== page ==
On this page you will also find links to other sites related to Astronomy and Astrophysics. Take some time to check them out. They're full of useful information, plus audio clips, animations, and photographs of everything from colliding galaxies to brilliant supernovae.
Before you begin, please make sure that your system contains the following:
Windows 98 or NT
FTOOLS software package
WinZip (The demo version will be sufficient and can be downloaded for free from http://www.winzip.com.)
The table below lists the tutorials, each in two different formats. The .doc format can be opened in Microsoft Word, and the .pdf format can be opened in Adobe Acrobat Reader, which you can download for free from http://www.adobe.com. Simply click on the format you wish to use. (The files may take some time to fully open because of their size, so thank you for being patient.)
|FTOOLS for Windows 95/98/NT (DOC)||Using the HEASARC Archive and FTOOLS: EXOSAT (DOC)|
|FTOOLS for Windows 95/98/NT (PDF)||Using the HEASARC Archive and FTOOLS: EXOSAT (PDF)|
|Using the HEASARC Archive and FTOOLS: ROSAT (DOC)||Chandra (DOC)|
|Using the HEASARC Archive and FTOOLS: ROSAT (PDF)||Chandra (PDF)|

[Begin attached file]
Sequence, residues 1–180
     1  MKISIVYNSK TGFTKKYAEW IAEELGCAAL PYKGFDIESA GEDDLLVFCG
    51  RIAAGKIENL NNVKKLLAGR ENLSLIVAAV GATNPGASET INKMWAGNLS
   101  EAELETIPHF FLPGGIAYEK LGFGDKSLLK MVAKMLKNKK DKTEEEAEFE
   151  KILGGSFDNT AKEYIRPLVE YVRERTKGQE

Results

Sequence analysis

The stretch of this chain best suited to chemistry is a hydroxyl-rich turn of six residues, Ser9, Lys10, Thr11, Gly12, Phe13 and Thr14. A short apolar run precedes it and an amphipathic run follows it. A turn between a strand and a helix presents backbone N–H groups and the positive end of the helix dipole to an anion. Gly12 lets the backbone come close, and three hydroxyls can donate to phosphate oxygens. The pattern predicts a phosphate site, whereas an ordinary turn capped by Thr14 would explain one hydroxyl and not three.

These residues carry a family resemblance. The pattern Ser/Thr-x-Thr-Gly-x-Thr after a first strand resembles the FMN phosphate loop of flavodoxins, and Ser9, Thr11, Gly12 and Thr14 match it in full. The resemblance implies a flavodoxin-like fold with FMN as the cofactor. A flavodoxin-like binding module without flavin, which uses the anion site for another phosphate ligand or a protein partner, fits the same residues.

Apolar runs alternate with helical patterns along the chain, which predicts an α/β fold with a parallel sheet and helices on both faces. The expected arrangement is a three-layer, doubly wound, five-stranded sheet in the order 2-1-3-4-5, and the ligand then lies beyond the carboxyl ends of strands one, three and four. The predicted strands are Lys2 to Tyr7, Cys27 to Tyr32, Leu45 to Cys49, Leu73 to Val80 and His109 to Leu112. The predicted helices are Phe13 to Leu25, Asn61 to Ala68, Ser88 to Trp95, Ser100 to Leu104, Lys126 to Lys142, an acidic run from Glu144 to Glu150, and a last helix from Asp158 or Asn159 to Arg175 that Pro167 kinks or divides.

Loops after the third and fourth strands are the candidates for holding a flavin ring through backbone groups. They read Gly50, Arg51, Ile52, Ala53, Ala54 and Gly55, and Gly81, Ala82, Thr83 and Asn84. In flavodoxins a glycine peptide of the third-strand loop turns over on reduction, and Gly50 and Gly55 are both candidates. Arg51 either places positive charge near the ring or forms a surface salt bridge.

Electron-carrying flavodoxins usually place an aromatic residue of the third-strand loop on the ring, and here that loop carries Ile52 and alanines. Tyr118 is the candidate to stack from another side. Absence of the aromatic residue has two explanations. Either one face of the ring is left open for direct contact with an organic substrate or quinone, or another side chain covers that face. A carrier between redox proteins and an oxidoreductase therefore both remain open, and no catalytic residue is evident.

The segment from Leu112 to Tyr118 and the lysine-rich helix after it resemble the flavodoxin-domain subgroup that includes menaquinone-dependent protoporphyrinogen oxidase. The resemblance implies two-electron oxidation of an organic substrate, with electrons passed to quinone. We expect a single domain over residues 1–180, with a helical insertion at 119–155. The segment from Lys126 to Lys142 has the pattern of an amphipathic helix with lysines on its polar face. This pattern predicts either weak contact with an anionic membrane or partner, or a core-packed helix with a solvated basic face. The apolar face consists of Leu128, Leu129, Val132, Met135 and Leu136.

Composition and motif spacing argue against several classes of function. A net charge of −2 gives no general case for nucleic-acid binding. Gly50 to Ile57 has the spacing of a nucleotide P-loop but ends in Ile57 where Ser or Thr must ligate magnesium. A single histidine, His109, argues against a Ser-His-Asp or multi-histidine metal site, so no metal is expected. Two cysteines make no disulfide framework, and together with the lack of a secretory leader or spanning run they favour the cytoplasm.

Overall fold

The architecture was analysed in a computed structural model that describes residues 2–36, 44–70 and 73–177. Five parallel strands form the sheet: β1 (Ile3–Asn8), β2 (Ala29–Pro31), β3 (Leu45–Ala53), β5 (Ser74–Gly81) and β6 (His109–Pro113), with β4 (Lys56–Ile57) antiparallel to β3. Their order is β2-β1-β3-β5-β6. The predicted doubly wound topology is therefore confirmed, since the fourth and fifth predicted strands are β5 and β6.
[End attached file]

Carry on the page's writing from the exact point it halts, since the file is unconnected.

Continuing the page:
If you encounter any problems with either the tutorials themselves or with the material covered, or if you would like to comment on the contents of this page, please feel free to email one of the following people. Also, take a look at the Troubleshooting guide. It contains explanations of common problems that FTOOLS users encounter and known bugs in the FTOOLS software package. (Click here for .doc format or here for .pdf format.) Finally, words highlighted in blue throughout the tutorials can be found, along with many other terms, in the glossary compiled by the Chandra X-ray Observatory Center. Go to http://chandra.harvard.edu/resources/glossaryA.html.
Nori Laslo-Creator of webpage and tutorials; Rutgers College student, class of '01; majoring in Astronomy and Computer Science
Prof. Terry Matilsky-Professor of Astrophysics at Rutgers University, specializing in satellite observation and the investigation of new theories of gravity. Prof. Matilsky is also analyzing highly variable x-ray sources using techniques of non-linear dynamics and strange attractors.